Suicide is one of the leading causes of inmate death in both prisons and jails. In 2013, for every 100,000 prisoners, 46 inmates imprisoned in jails and 15 in prisons had committed suicide. This continued a budding trend of increased suicide rates among prisoners in jails since 2009’s staggering jump from about 30 to over 40 deaths. Small jails in fact have a suicide rate six times higher than some of the nation’s largest jails. But, why does this occur?
Research suggests that the largest amount of jail suicides occur in first-time offenders. This is attributed to the shock-factor of an incarceration, or “shock of confinement.” The life the inmate had led up until that point, likely with family, a home, the outdoors, and some modicum of normality is abruptly stripped away, and the very framework of an existence is thrown on its axis. This contrasts with convicted felon suicides, which occurs at a rate seven times less.
Commonly, the issue has been poor pre-screening and not recognizing warning symptoms, followed by a lack of mental healthcare. This is being combated by the courts, where many judges are ruling in favor of required programs that sufficiently identify, evaluate, and take steps to deter suicidal tendencies to prevent a fatal result. Researchers point out a need for internal improvement, as external oversight is a rare occurrence.
In golf, advantages are not reliant solely on skill. Equipment plays a large role in determining the winners and losers, and gaining can be easy, though potentially expensive. The Grooves Rule, though, aims to curb that issue in the amateur leagues. The Grooves Rule applies to the type of grooves cut into a club, and highlights the differences specifically between U-Groove and V-Groove clubs. What the rule means is that clubs manufactured and being used in tournament play must conform to new industry standards established in 2010.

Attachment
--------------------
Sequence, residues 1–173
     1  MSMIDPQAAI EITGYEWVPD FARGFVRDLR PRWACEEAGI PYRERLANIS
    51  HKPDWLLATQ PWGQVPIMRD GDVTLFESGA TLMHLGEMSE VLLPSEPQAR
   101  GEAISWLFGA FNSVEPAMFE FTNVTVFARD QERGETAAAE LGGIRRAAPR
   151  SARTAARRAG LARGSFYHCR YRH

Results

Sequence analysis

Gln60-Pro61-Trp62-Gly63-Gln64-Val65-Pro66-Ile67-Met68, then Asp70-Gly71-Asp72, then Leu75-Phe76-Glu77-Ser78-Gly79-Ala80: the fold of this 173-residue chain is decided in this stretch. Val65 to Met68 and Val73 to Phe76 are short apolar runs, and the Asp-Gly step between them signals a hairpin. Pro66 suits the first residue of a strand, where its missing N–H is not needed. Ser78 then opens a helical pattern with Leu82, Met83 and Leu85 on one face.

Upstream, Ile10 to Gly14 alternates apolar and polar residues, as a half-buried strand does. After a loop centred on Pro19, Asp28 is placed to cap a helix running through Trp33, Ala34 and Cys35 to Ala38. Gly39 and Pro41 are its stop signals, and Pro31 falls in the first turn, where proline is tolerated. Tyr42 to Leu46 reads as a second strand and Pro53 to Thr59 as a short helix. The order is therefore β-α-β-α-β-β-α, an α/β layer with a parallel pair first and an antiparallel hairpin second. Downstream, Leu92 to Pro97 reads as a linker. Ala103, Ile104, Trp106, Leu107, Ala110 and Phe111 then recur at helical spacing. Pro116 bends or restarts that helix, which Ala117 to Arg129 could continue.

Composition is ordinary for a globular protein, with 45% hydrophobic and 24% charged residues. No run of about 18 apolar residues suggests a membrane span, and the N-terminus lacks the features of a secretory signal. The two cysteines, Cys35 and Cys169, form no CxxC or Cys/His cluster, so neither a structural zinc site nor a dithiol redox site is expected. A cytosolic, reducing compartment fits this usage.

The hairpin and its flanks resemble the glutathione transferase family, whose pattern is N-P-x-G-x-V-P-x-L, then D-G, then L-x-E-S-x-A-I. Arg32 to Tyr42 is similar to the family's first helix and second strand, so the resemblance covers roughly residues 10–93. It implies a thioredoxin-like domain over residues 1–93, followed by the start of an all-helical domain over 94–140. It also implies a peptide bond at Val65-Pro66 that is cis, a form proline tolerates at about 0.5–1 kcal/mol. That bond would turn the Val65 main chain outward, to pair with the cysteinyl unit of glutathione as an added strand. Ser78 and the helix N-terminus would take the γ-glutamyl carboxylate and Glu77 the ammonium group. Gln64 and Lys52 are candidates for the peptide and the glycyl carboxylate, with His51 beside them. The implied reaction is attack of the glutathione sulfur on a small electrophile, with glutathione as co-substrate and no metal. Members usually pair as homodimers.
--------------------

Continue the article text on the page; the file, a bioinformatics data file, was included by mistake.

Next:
Before the Rule was implemented in 2010, U-Groove clubs were rampant in tournament play by high-caliber competitors. U-Groove clubs have a specific edge over the more common V-Groove sibling – the clubs put a significant amount of spin on the ball. Where this proved particularly beneficial was in getting a ball out of the rough, adding a decent amount of ease to something meant to act as penalty. The Grooves Rule reverts back to V-Groove clubs, and is not limited to wedges. The grooves are smaller, duller, and spaced closer together, decreasing the spin produced drastically. All clubs produced following 2010 must be made in accordance with this regulation.
In 2014, amateur tournaments began adopting the Grooves rule. This includes all games conducted by the USGA and the Royal & Ancient Golf Club of St. Andrews. The rule will not see broad effect and implementation to the entire sport until after 2020, when the results of the rule will be evaluated. Until then, casual play will be a self-policing matter.